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Woodworking Skills

Very often we receive email asking us how much wood working skills are needed to build one of our boats.

The answer is simple: none because, except for a few, we do not design wooden boats.

While most of our designs use wood or plywood as one of the materials, the building of our boats never requires wood working skills.

We expect the builder to be able to cut some sheets of plywood or wooden strips according to a full size pattern or from dimensions given on the plans. There is never any beveling, no fancy assemblies, no need for special tools. Tolerances are wide: gaps of 3/8" (10 mm) are acceptable and these gaps, covered by fiberglass are better than a tight joint. The fiberglass is structural.

Very few tools are needed: a jig saw and a drill are nice but all these boats can be built with hand tools. No need for a plane, chisels, table saw, band saw, planer, miter saw and other routers or jointers.
We show all the required woodworking skills below:

Step one: Scribe the panels from the patterns or from the plans.


(Pictures courtesy of J. Pikorn)


2. Use a batten to scribe a smooth curves between points


3. The only required wood working skill . . . .


The sander may be the most important tool.

This does not mean that we don't like wood: used in combination with today's resins, fabrics and fasteners, it is a major part of our building technique but we use wood in an essentially different way. With modern materials easily available, it does not make sense to limit the use of wood to old assembly techniques relying on difficult to use glues, elaborate assemblies and outdated fastening systems.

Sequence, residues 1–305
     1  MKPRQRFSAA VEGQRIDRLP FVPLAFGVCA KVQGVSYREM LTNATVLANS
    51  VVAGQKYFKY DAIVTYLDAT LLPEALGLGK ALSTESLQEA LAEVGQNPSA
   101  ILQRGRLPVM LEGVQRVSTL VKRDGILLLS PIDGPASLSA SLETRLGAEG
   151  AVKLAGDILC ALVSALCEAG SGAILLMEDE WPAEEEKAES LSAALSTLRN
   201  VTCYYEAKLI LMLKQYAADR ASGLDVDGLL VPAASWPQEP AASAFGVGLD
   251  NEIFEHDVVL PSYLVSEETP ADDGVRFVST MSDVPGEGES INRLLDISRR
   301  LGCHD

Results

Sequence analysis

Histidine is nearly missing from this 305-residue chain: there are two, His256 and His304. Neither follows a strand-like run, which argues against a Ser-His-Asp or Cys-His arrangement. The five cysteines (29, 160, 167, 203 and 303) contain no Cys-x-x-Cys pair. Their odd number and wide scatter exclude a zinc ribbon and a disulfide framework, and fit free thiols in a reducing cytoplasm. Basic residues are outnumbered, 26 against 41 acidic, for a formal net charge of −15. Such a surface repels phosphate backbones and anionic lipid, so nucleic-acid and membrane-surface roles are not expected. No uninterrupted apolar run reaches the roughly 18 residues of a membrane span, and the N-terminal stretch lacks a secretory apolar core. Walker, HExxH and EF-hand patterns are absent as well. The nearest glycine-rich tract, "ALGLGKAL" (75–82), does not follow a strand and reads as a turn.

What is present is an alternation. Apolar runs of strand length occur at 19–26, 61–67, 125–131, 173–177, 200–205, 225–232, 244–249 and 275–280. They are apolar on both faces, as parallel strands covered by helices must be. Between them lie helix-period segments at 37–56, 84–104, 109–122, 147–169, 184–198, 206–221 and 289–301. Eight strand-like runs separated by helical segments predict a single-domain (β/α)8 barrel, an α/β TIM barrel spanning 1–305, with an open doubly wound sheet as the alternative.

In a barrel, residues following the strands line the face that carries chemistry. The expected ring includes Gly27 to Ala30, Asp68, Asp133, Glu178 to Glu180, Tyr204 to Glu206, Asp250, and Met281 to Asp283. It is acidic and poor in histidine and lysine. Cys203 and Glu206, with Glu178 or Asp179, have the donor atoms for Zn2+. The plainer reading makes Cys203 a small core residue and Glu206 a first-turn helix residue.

Plywood panels for small stitch and glue boats, plywood or strips as a composite sandwich core may be part of the structure but our design and engineering is fundamentally different from wooden boat building.

Just compare the structure of our Phantoms with traditional wooden skiffs: no wooden structural members, no stiffening battens on the panels. Instead we use proven fiberglass boat engineering: tabbed stringers and bulkheads, fiberglass keel and chines. Wood is a an excellent material when used as part of a modern composite* : it is after all a unidirectional fiber product, easily available worldwide at a moderate price. Plywood is a composite: multi directional layers of fibrous material bonded with modern resins.

Some of our builders have used their wood working skills to produce very classic looking boats with nice varnished trim, fancy breast hooks and other great details but a smooth and fair fiberglass finish is aesthetically very pleasant too. With our building method, you have the choice.

In larger boats, these optional wood working skills can be used on the cabinetry but unskilled wood workers can build these parts just as strong and finish them with some easy to install prefabricated moldings.